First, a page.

Results for housing starts and permits released this morning reflect a double dose of good news. First, the disappointing February numbers for starts were revised upward almost 5% from 1,236,000 to 1,295,000, while permits were also revised upward almost 2% from 1,298,000 to 1,321,000. The upward revisions bring February results closer to original expectations after a strong January. Second, March results improved over February’s revised numbers, with starts increasing 1.9% to 1,319,000 while permits grew 2.5% to 1,354,000. Impressively, both starts and permits showed sizable gains when compared to March of last year, with starts higher by 10.9% and permits higher by 7.5%.
While March results for both starts and permits were strong, with each number being the third highest result in the last 11 years, our enthusiasm is tempered as we analyze the breakdown of single family versus multi-family. It is well publicized that the residential market is facing a confluence of challenges including low inventory, constrained labor, and rising material costs, ultimately creating a growing bubble of pent up demand and affordability challenges. One way to address these challenges is through an increase in new single family homes. For March, single family starts dropped 3.7% to 867,000 from last month’s revised number of 900,000, while single family permits dropped 5.5% to 840,000 from last month’s 889,000. We would hope to see both single family numbers get to the point of sustained levels above 900,000 to gain confidence that inventory levels, demand and affordability were starting to be addressed.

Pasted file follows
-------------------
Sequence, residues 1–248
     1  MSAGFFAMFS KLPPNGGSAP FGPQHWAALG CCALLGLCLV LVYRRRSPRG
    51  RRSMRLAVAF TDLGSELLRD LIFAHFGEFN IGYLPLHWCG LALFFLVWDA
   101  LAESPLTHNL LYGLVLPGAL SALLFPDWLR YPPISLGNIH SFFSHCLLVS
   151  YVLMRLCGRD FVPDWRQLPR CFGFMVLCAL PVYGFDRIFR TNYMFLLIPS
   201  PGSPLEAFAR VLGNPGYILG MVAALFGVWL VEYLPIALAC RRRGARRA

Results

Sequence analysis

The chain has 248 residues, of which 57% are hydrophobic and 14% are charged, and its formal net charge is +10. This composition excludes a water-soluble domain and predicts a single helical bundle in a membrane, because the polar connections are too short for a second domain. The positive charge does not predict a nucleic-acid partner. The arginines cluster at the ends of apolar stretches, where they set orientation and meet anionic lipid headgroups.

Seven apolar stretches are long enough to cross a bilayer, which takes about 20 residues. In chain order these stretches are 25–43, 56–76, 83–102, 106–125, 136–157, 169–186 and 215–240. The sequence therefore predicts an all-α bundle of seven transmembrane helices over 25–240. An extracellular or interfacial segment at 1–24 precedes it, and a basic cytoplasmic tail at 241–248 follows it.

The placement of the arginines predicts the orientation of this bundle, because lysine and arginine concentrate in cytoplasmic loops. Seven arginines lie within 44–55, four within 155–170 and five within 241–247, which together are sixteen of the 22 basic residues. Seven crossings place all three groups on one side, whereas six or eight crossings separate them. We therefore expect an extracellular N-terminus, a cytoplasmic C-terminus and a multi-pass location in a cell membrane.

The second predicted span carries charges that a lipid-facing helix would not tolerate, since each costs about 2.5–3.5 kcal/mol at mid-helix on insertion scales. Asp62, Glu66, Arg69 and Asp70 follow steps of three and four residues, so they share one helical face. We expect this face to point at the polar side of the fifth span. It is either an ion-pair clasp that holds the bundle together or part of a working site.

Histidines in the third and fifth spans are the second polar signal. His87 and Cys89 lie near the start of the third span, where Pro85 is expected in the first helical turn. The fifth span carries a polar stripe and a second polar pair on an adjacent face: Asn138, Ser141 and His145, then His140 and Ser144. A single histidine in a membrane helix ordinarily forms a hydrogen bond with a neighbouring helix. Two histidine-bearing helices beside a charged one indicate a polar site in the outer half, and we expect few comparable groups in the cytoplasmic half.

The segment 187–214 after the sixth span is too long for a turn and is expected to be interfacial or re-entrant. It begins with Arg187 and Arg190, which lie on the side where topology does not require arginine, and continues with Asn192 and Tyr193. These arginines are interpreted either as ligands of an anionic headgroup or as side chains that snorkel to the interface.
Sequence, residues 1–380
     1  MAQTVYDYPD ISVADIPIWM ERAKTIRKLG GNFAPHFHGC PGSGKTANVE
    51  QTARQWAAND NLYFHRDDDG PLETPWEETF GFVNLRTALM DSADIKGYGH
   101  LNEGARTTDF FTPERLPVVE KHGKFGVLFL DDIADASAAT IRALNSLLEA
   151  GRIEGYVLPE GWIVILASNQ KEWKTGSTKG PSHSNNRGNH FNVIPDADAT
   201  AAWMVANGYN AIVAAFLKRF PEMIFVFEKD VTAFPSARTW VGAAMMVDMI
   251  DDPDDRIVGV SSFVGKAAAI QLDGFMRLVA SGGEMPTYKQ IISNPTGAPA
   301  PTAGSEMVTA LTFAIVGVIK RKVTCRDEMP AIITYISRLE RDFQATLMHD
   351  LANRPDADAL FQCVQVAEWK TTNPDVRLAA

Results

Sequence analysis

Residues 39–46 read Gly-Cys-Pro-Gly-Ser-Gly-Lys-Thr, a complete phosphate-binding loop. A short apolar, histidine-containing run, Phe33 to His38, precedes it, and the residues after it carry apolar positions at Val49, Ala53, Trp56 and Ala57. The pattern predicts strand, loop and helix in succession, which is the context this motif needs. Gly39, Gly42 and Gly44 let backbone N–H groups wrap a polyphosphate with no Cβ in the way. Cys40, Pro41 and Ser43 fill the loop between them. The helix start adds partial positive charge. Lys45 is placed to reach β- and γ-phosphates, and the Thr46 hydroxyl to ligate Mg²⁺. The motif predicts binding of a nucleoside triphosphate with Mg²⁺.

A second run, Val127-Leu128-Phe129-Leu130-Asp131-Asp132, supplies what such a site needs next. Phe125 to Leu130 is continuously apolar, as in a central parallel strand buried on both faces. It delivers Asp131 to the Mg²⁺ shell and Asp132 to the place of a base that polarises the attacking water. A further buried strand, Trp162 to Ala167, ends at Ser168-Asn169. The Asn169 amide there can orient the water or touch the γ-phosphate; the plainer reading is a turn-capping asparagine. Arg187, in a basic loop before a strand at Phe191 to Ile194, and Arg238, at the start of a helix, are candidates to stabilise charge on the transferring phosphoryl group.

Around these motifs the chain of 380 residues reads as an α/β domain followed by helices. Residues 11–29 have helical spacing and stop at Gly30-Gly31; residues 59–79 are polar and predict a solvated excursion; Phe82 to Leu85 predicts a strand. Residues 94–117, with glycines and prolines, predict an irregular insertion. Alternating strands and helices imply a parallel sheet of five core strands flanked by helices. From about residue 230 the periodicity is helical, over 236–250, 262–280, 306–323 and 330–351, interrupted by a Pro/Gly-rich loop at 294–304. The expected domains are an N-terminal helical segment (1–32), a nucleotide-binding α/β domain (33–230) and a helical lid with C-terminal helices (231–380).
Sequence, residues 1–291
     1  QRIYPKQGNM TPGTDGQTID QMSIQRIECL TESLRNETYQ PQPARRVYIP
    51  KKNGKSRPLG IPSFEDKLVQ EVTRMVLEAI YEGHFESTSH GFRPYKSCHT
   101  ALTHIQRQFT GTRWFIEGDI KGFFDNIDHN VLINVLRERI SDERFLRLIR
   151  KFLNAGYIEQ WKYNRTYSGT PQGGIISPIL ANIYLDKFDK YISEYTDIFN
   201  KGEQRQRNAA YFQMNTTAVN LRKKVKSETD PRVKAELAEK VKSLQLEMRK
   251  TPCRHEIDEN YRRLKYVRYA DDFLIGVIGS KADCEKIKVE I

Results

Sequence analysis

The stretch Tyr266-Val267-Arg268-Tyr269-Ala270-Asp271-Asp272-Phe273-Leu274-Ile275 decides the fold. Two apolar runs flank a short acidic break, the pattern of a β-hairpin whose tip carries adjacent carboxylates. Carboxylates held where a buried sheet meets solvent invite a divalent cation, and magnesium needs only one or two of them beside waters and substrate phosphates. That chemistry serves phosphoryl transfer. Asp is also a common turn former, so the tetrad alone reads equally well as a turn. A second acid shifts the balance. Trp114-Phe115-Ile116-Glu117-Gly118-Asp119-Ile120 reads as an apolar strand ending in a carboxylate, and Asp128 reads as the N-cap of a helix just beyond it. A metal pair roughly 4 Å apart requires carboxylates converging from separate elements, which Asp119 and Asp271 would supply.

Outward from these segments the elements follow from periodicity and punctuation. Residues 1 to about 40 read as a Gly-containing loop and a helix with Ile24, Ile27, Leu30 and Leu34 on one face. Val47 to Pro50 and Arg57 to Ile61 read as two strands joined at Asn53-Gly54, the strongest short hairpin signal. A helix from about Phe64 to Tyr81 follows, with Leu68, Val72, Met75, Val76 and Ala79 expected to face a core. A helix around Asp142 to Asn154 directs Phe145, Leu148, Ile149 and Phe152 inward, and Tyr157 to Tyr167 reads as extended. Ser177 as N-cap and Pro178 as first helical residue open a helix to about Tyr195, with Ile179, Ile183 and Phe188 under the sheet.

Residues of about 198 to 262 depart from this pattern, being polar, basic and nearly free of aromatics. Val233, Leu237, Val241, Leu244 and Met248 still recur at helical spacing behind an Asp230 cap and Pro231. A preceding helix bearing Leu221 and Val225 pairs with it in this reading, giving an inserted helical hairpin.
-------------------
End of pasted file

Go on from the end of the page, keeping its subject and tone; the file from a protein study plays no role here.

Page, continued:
The volatile multi-family results came in strong for March, with starts at 439,000, an increase of 16.1% over last month and 23.7% over last year.